Record & Tape Exchange is a recurring series where some of our favourite artists walk us through their personal music libraries to share the songs that have soundtracked their lives. 


An artist in every sense of the word, Atlanta-born singer-songwriter James Bambu takes a uniquely considered approach to his craft, determined to break down barriers for the future of R&B. Stream his latest single “Fed Up” here.


What song reminds you most of your childhood?
One song I love that definitely reminds me of my childhood is “Nice and Slow” by Usher because growing up in Atlanta in the early 2000s, R&B was at its highest peak, and Usher was of course on top of that. I was one of those kids that knew every single word to “Nice and Slow,” so my mom would have me sing it to everybody she knew.

What was the first physical record you remember buying?
Sol-Angel and the Hadley St. Dreams by Solange. When that record dropped in ’08, maybe I was too young to understand what she was talking about, but baby, that was my record! It's still one of my favourites to this day.


What song is the best representation of your hometown?
There's no other song that best represents Atlanta than “Welcome to Atlanta” by Jermaine Dupri. “Welcome to Atlanta, where the players play.” That was one song that they played on the radio damn near every day, and probably still do. That is definitely the theme song for the city of Atlanta. 

What songs remind you of traveling to a specific place?
“About Him” by Alex Isley. I met someone that I used to date in the Dominican Republic a while ago and immediately when I hear the song it takes me back to that relationship, back to the island, back to that trip I took when I first met that person, and I love that it's great memories attached to the song. That just shows the power that music can have when it connects to people like that.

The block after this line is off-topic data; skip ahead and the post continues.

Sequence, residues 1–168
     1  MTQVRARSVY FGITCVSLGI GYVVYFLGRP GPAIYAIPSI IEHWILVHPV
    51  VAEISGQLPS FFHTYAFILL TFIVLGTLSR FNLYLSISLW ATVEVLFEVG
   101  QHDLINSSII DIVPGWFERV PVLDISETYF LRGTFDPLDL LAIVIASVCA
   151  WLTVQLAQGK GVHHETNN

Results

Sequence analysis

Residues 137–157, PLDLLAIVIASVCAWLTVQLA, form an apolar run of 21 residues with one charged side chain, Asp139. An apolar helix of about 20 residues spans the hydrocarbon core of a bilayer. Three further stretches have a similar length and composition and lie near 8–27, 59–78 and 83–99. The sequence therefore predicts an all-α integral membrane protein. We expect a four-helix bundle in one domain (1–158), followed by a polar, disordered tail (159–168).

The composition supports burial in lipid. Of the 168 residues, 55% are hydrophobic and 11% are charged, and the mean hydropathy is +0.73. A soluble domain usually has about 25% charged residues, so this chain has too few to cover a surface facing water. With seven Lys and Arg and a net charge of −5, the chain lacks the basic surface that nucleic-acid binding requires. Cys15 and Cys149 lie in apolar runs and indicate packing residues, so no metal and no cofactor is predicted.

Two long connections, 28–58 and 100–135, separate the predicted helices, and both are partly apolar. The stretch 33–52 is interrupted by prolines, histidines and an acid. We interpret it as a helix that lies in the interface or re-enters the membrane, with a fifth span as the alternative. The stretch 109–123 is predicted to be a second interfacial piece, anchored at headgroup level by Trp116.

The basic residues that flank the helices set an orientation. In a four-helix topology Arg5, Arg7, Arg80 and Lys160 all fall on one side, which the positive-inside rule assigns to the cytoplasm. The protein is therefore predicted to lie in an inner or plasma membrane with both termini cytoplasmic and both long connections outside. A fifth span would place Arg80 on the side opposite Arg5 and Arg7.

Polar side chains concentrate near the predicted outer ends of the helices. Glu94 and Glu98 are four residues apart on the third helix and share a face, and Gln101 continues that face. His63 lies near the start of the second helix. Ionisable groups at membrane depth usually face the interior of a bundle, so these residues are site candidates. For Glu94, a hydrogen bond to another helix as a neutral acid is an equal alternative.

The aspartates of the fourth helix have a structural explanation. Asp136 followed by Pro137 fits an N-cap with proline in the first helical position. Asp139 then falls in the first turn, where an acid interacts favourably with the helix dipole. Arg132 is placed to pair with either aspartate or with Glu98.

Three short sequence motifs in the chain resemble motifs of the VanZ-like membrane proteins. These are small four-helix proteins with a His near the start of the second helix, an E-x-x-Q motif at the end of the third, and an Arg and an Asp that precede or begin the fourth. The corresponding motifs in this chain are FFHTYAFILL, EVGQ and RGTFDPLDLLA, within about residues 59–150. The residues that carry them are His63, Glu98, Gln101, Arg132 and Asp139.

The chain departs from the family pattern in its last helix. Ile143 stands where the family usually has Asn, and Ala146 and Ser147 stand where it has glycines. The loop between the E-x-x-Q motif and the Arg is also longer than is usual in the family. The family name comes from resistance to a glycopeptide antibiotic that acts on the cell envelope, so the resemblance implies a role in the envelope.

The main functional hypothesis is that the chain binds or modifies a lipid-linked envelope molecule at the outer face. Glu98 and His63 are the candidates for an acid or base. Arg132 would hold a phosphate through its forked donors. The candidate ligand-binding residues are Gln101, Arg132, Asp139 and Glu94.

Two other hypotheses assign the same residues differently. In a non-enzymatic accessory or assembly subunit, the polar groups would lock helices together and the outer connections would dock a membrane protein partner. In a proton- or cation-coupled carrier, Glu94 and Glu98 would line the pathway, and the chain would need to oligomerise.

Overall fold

What song do you wish you had written?
“Everybody Loves the Sunshine” by Roy Ayers. First of all, that song is so beautifully crafted, it's so colourful. Roy is such an unbelievable musician to this day, so who wouldn't want to be involved in a process with those talents? That's a song I still listen to on the daily, and I don't think that will ever change. 

What’s the best song to play at a house party?
"Bruises" by Kelela. No debate. 

You’re abducted by aliens, and when you wake up on the spaceship, they pass you the aux. What is the song you’re playing to convince them not to destroy Earth?
I think if it really came down to it and the aliens wanted to do it, they'd just do it. But I promise you they would rethink if I played them “Heaven Can Wait” by Michael Jackson, I promise. 


Further Reading:
The Montreal trio give us a world tour of their defining music memories, from Haiti to London.
East meets West in Blxst's selections, as he shares formative memories of A Tribe Called Quest and 50 Cent, and picks a fellow L.A. native to get the party started. ⁠